This woman can tell a story or two. Or a hundred.
Svetlana Alexievich writes so well because she knows who to ask and how to listen. She received last year’s literature Nobel for her ‘polyphonic writings’ – but she’s not a grand conductor orchestrating a response. She gets people to tell their stories because she seeks them out and wants to record what they have to say. It’s not just journalism, it’s more like the work of the Grimm brothers or Lönnrot.
And the stories are as strong and dark as folklore in the original version, but real: the tales are full of love and bloodletting and impossible escapes. Secondhand Time (Penguin Random House, May 2016) tells the stories of ordinary people in and after the Soviet Union. Their memories go back to Lenin, but the focus is on the last 25 years.
The first thing to strike me was the transition from books to money, from kitchen conversations onto the streets, from the rule of ideas to the rule of the market. The whole time, the violence doesn’t go away: it spreads out of the camps and cells to civil war and gangs. “We grew up among victims and executioners. For us, living together is normal. There’s no line between peacetime and wartime, we’re always at war.”
The country is still run by a KGB leader, after all. The book ends with the the story of a student protestor on Alexievich’s home turf, Belarus, the last European dictatorship. On her way home from prison, a taxi driver picks her up and tells her “In 1991, I was a student in Moscow, I also ran around to the demonstrations. There were more of us than there are of you. And we won… We chased out one group of bastards, and another group of bastards took their place.”
The other thing that struck me was ethnic diversity. Here is a Tajik hero of the ‘Great Patriotic War’, Armenian and Azerbaijani star-crossed lovers, Chechens, and Ukrainians and Karelians and Jews and Muslims and… Russians. Emigrating to Israel, Canada, California, anywhere to get away.
The brand new English translation is a product of that. The translator, Bela Shayevich has Russian family but grew up in the US. As she wrote herself, she’s handled the excruciating task of bringing these voices west, following the journey her grandparents made. “Translating Alexievich is difficult – not only do I face the reader’s task of braving murder, suicide, deprivation, and war along with Alexievich’s protagonists, I must tell these stories in the first person, taking on the voices of trauma. It is a lonely task, putting anguish into words while not being able to help the people speaking. It’s a relief at least to know their voices will be heard.”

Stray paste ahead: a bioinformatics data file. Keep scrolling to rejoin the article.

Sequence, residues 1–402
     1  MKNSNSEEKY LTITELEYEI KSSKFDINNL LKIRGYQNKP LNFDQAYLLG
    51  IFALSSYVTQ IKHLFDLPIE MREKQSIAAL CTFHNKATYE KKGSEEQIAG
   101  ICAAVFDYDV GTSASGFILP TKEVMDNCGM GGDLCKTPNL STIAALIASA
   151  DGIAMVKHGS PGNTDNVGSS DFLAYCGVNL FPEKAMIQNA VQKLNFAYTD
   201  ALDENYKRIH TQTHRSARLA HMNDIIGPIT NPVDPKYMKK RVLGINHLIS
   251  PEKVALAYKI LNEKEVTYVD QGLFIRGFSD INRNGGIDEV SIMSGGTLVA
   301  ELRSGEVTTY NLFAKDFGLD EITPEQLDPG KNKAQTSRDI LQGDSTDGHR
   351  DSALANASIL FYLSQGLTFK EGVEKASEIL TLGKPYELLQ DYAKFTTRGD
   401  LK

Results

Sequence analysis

One great strength of this collection is that Alexievich talks to everyone, including the torturers in the secret police and party secretaries, the informants and the soldiers, so you can see how they got to where they are, and how Russia got to where it is now. And there are footnotes on almost every page to bring in the characters behind the characters: shock workers, Heroes of the Soviet Union, poets and dissidents. Olga, whose husband was in the gulag, tells Svetlana: “The pain hasn’t gone anywhere… Everything is right where I left it… I’m afraid of handing it off to someone. No one can possibly handle it. It’s too much for ordinary hands.”
You need will strength to read this – but you should. Get your hands on a copy.
[…] in Translation short list presents tough competition (not least with Memoirs of A Polar Bear and Second Hand Time) but The Coast Road (The Gallery Press, 2016) is extraordinary. A host of translators offer their […]
[…] more of the voices she recorded into English (and onto our screens, with the success of Chernobyl). Second-Hand Time gathered the voices of adults across the Soviet Union, and The Unwomanly Face of War listened to […]